It’s always angry white guys we’re told to lionize as heroes for when they take the law into their own hands. They – and only they – are allowed to process tragedy through revenge, vigilantism and other violent means. If a white woman or person of color takes this path, there’s suddenly an overwhelming amount of hand-wringing and talk about how it’s more useful to work within the system and be polite toward those in power (usually older white men).
If you look at Wikipedia’s page of vigilante films you’re hard-pressed to find more than a couple that feature anyone other than a white protagonist. These characters are held up as doing what’s necessary to avenge their loved ones and work outside a system that’s failed them. That message, though, isn’t received well by even our current society when, say, it’s a black father looking for answers as to why his child was killed and the police department seems uninterested in finding answers.
Unquestioningly falling into that tradition is this week’s Death Wish, an update of the 1972 film of the same name with Charles Bronson. This time around Bruce Willis takes the lead as a man whose family is murdered during an armed robbery and, frustrated by the inability of the police to find the perpetrators, sets out to dole out justice on his own through whatever means are needed.
Before we get even further, the question has to be asked: Is this message anywhere near as relevant today as it was 46 years ago?
As I write this, the students who survived yet another mass shooter in Parkland, FL are leading a quiet revolution. Well…not quiet, but certainly not armed. They are using their natural skills with social media to dunk on conservative talking heads and reluctant lawmakers who have dragged their feet on gun control laws. They’re encouraging companies who have done business with the National Rifle Association to rethink those relationships. They are, in a tragic turn of events, the ones inspiring more adults to speak up and apply pressure while all too many people can do is blithely fantasize about how *they* certainly would have rushed in to face danger on their own, even as others wouldn’t. That mindset has been instilled in many by the kinds of movies that glorify the lone action hero, standing up to protect the innocent. Those are just movies, though.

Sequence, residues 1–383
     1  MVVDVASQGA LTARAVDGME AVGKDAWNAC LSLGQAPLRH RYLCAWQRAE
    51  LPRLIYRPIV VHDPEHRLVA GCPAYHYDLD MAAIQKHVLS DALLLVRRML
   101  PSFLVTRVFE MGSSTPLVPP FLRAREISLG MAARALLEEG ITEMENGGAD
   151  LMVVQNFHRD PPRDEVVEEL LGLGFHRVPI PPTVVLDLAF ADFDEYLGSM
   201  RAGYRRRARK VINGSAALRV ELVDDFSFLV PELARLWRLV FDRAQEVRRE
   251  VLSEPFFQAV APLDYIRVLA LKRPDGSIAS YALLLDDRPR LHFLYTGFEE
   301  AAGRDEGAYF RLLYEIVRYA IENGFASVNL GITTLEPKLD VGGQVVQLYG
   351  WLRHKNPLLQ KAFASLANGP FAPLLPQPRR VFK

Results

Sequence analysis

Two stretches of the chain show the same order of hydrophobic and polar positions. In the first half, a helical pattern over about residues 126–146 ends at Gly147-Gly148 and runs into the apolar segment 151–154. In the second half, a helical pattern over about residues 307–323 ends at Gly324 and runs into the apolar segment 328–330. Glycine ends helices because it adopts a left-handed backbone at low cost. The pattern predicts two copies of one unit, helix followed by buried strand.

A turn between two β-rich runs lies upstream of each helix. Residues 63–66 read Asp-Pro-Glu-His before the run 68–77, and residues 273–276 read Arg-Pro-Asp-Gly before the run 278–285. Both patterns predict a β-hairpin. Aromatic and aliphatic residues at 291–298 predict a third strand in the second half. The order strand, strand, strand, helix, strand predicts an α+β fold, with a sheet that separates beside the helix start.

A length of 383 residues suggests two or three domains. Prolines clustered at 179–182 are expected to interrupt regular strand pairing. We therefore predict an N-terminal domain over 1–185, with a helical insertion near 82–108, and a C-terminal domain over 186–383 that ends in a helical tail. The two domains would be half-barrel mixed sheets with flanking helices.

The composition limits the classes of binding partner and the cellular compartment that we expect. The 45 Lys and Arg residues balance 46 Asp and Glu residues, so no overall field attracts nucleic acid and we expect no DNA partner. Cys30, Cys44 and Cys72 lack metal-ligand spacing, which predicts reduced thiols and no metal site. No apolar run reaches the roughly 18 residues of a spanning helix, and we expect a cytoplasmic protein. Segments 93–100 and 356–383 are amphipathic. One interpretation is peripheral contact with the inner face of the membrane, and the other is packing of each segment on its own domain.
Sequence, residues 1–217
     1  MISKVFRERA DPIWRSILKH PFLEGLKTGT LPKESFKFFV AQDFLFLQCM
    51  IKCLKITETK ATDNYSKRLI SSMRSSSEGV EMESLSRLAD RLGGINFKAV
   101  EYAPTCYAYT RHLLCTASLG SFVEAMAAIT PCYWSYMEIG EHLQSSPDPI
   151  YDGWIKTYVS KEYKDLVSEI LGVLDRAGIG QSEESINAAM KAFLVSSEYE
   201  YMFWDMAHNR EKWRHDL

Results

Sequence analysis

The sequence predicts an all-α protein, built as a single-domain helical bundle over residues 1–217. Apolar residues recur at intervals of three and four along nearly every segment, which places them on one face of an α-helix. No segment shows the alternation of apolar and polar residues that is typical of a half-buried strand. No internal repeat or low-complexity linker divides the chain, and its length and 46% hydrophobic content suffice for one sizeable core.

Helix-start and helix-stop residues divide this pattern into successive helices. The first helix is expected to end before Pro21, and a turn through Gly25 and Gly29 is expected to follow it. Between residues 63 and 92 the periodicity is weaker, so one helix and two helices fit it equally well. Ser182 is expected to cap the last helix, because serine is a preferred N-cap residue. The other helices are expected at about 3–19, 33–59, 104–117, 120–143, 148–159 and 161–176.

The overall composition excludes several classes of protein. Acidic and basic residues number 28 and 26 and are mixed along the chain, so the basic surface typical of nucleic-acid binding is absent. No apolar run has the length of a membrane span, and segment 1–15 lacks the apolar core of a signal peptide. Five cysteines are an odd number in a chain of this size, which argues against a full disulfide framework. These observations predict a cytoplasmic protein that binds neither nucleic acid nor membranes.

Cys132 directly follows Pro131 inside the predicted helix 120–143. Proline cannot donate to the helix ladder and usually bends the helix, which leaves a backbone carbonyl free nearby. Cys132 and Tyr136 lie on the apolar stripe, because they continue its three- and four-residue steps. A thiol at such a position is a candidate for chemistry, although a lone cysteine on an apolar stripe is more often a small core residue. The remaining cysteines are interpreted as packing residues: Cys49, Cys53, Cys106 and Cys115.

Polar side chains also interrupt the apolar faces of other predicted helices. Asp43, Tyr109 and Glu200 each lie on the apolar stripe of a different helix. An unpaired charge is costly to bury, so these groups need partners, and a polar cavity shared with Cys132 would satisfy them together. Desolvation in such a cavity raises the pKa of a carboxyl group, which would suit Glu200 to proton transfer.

So as we have what seems to be a national debate as to whether our schools need to be filled with armed teachers (no), guarded by a squad of highly-trained marksmen (no), and turned into permanently locked-down prison camps (no), MGM wants us to go see a movie with the core message of “violence is always the answer.”